Lawrence J. Korb, the Defense Department's manpower chief, yesterday proved that he can be his own man.
He refused to take the advice of Henry E. Catto Jr., Pentagon information chief, not to have breakfast with Pentagon reporters because negative news might result.
"I was told I couldn't come," Korb said yesterday of his conversation with Catto. Korb said Catto told him that if he appealed to Defense Secretary Caspar W. Weinberger Catto would recommend against a breakfast meeting.
Korb said he appealed to Weinberger through the secretary's military aide, and was told that he could go to the news breakfast after all.
Catto, who is stepping down this summer as assistant secretary for public affairs, defended the breakfast ban during the regular Pentagon news briefing last week. Said Catto:
"At some breakfast meetings recently people have spoken sometimes without perhaps full forethought of the impact of what they are going to say, and so I got to where I thought it would probably be better if I could talk people out of this for a while. The secretary went along with that idea. There is no across-the-board ban. We're going to review it on a case-by-case basis."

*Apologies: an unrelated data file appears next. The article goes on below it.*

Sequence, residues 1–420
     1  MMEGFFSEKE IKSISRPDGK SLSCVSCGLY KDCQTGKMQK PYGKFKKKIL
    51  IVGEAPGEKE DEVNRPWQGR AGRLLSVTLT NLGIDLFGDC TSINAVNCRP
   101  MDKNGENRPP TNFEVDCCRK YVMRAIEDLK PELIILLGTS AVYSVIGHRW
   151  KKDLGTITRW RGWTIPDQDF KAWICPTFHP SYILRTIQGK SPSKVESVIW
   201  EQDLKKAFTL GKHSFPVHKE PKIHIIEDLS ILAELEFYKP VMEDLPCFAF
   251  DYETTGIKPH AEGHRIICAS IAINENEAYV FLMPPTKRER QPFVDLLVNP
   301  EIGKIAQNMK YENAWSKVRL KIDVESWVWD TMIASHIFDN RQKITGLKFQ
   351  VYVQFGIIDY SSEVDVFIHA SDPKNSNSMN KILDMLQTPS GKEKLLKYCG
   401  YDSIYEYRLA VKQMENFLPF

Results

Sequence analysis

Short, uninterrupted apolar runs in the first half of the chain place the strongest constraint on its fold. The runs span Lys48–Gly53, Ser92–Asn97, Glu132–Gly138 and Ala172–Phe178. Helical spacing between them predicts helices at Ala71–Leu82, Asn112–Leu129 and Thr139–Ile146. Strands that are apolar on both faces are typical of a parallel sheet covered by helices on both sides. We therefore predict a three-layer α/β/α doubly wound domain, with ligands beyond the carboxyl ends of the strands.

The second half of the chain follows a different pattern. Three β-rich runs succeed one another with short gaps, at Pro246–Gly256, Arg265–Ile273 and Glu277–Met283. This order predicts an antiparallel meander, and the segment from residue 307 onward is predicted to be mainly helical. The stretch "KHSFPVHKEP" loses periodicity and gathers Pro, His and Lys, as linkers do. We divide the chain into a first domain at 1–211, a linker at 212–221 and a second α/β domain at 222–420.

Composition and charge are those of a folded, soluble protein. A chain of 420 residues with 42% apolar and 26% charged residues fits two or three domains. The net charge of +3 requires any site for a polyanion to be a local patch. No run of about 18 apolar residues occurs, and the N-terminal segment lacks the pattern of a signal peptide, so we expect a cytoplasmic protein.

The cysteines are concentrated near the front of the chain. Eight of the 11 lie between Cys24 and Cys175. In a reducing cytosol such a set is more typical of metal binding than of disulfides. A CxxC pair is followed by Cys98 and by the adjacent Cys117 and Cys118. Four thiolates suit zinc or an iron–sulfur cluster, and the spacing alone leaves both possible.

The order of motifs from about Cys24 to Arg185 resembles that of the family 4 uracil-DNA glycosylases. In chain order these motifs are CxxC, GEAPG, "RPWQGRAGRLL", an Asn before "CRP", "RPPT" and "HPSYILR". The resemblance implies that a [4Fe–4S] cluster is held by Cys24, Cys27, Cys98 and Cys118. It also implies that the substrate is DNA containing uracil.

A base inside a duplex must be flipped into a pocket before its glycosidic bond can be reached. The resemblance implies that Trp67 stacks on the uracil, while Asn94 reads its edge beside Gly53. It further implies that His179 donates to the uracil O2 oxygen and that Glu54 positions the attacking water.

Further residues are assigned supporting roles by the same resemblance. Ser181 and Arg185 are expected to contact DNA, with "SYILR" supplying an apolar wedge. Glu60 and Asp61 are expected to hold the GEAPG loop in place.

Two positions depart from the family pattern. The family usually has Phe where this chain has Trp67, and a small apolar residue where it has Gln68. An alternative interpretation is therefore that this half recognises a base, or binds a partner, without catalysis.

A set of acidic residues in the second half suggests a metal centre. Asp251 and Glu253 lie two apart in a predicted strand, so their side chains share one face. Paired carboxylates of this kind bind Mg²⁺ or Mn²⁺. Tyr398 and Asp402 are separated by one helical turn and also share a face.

The breakfast remarks that gave Weinberger the most indigestion were those by Richard D. DeLauer, Pentagon research chief, that the Navy's Trident I submarine problems had shown itself to be seriously flawed in recent flight tests.
Adm. James D. Watkins, chief of naval operations, disputed DeLauer at a breakfast with the same group of reporters the next day, May 18. The admiral also said pointedly that Navy Secretary John F. Lehman Jr. should not be the one to decide whether aircraft carriers in a war should be sailed into the teeth of Soviet defenses. This would be up to operational commanders, the admiral huffed.
"I am unhappy when senior officials of the department become involved in saying things that they haven't perhaps thought out," said Catto. "The breakfast meeting has tended to bring out tongues in gear before minds are in gear."
Now that Korb has successfully appealed the breakfast ban, the question is whether Gen. E.C. Meyer, the Army chief of staff, who is retiring at the end of this month, will do likewise. The nation's top soldier is scheduled to have breakfast with Pentagon reporters, but has been advised by Catto to break the date.
"Armed forces people are supposed to be ready for attack at dawn," one reporter joked.